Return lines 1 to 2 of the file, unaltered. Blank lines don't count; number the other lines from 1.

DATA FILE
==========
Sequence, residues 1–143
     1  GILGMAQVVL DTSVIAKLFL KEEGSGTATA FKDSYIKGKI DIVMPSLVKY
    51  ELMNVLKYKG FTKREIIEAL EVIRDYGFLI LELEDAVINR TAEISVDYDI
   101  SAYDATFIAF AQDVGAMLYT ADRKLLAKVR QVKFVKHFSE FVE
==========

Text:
Sequence, residues 1–143
     1  GILGMAQVVL DTSVIAKLFL KEEGSGTATA FKDSYIKGKI DIVMPSLVKY